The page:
Thursday, March 7, 2013
to our first home
at 4:41 AM
Dear Little House on Jessica Lane,
I've had mixed feelings about you, the silent witness to our first year of marriage.
You've seen every argument, every laughing fit, every dinner party...even the night we got engaged, with Steak-n-Shake bags littering the living room floor as Trevor and I slow danced in the kitchen. That same night that I began to panic as I realized I would soon learn to be a wife in this house.
Your back yard, I love. Those hardwood floors? Classy. (Until, of course, the vacuum cleaner salesman scratched them mercilessly.) And that weeping willow that so graciously fills our bedroom window in the summertime? Heaven.
But other aspects have been less endearing: the mysterious orange goo oozing out of the ceilings, for instance. What is that? And why does it have to be so decidedly orange, so similar in color to those hideous handtowels of Trevor's that I so long to throw away? And even more offensive is the reoccuring mold that, I've discovered, is even more stubborn than I.
And the neighborhood, well, it's interesting. The neighborhood where small children run half-naked through yards, waving their toy guns at passersby. Whose residents leave their Christmas lights up until July. Where someone was, according to local legend, stabbed to death not so long ago.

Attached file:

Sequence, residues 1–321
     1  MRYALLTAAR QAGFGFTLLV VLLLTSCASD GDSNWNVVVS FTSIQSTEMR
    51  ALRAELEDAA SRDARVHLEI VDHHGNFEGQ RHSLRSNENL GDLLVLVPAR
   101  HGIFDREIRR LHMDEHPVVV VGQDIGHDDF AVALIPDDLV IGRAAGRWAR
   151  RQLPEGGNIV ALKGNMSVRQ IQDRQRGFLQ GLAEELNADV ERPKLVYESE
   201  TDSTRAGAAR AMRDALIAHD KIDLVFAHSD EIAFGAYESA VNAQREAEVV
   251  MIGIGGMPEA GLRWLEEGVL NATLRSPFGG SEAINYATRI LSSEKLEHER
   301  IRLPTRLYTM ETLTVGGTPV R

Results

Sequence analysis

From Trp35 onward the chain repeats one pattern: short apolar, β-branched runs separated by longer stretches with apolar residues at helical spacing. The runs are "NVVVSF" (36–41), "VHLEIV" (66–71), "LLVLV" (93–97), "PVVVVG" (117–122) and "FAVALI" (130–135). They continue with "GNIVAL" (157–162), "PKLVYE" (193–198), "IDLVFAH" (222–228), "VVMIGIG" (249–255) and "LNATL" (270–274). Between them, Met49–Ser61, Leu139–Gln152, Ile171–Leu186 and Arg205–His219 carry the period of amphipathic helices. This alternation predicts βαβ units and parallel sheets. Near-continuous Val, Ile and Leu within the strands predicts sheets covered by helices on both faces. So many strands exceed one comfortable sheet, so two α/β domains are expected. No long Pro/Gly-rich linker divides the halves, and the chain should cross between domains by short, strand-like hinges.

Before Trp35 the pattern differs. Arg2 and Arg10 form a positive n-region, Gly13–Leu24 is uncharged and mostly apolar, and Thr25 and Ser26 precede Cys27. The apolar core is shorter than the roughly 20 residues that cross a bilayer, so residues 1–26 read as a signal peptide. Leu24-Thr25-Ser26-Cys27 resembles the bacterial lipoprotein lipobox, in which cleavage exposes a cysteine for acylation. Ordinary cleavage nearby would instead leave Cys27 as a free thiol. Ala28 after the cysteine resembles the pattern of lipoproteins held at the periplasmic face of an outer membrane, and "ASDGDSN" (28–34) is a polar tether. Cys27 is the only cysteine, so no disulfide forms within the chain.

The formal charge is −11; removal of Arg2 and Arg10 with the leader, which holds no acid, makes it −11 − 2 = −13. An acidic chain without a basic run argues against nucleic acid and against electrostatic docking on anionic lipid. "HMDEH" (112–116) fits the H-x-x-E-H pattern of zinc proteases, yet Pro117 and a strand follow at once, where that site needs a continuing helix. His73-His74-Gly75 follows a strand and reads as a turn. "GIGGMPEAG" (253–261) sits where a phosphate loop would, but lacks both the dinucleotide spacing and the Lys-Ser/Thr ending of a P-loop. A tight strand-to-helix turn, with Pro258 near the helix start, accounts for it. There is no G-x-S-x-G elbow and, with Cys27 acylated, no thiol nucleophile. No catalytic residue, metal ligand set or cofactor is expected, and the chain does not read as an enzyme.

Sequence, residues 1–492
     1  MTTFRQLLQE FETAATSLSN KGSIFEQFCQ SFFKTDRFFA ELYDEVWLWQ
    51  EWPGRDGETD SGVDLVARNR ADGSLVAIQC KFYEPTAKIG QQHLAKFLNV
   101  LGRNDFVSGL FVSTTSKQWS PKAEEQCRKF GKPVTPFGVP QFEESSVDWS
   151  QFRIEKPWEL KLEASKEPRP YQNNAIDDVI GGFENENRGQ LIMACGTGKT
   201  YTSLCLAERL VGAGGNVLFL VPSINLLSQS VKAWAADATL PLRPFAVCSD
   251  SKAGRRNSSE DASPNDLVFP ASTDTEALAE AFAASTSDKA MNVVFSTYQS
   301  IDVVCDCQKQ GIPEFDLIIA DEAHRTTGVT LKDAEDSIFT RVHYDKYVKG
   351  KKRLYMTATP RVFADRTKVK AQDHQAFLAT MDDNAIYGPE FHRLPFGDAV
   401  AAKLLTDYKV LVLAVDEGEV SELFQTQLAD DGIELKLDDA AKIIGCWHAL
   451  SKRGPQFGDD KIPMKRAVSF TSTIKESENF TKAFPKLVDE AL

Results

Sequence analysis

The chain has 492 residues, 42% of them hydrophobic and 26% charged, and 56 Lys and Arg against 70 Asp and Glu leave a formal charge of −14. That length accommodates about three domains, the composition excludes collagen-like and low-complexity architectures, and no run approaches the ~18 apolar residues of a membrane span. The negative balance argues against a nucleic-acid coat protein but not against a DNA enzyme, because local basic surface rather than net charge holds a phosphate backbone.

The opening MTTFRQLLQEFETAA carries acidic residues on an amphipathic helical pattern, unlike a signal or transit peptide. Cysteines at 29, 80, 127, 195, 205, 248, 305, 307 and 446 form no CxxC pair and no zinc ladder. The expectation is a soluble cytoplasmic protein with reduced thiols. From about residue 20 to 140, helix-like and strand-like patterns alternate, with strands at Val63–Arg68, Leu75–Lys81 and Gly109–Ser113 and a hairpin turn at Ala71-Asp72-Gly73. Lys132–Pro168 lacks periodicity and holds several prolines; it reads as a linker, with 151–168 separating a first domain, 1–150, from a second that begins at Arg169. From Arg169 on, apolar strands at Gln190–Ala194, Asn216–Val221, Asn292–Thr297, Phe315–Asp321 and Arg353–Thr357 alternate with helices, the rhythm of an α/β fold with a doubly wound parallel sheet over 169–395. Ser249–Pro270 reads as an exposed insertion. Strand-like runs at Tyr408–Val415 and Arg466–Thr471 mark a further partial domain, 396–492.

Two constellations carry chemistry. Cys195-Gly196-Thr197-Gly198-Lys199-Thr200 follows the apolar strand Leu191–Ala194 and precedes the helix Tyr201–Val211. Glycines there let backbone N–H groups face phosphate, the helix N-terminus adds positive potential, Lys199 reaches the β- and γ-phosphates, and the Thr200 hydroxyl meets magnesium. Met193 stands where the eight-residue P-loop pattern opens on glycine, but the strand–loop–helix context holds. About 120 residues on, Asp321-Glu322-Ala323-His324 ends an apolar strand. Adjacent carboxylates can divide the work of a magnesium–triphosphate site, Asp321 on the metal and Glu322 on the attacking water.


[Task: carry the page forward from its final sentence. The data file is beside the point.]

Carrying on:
It's not exactly the stuff dreams are made of.
But in spite of these things, in spite of the mold and sketchy location, you've somehow made me feel safe. Cozy, even. You are just a little house at the end of a lane, but you have become a home. Because the year and a half I've lived here hasn't been about exquisite interior decoration or looking like a Pottery Barn catalog. Martha Stewart, I realized, would never drive to our home and tsk at the electric blue paint on our bedroom walls.
We wouldn't have had as much to laugh about if it weren't for your squeaky cabinet doors, you attraction for creatures big and small, your ability to somehow grow a mushroom out of the bathroom floor (don't ask.)
Our time in your four walls was about finding joy in living simply; in celebrating the small victories that assured us we were on our way to becoming adults ("I remembered to blow the candles out! We won't catch the bookshelf on fire this time!") It was about learning to laugh at the imperfections and appreciate what we had.
Someday soon, hopefully, I will be enjoying a washing machine I don't have to walk outside to use. Maybe even a dishwasher, if I'm lucky. But my biggest hope is that I won't ever take for granted the simple things, like the way the light in a living room becomes something out of a fairytale right around dusk.
I may grumble about you, little house, but I think you know by now I really don't mean it. I wouldn't trade the memories and stories you've given to me for anything. Not even a dishwasher.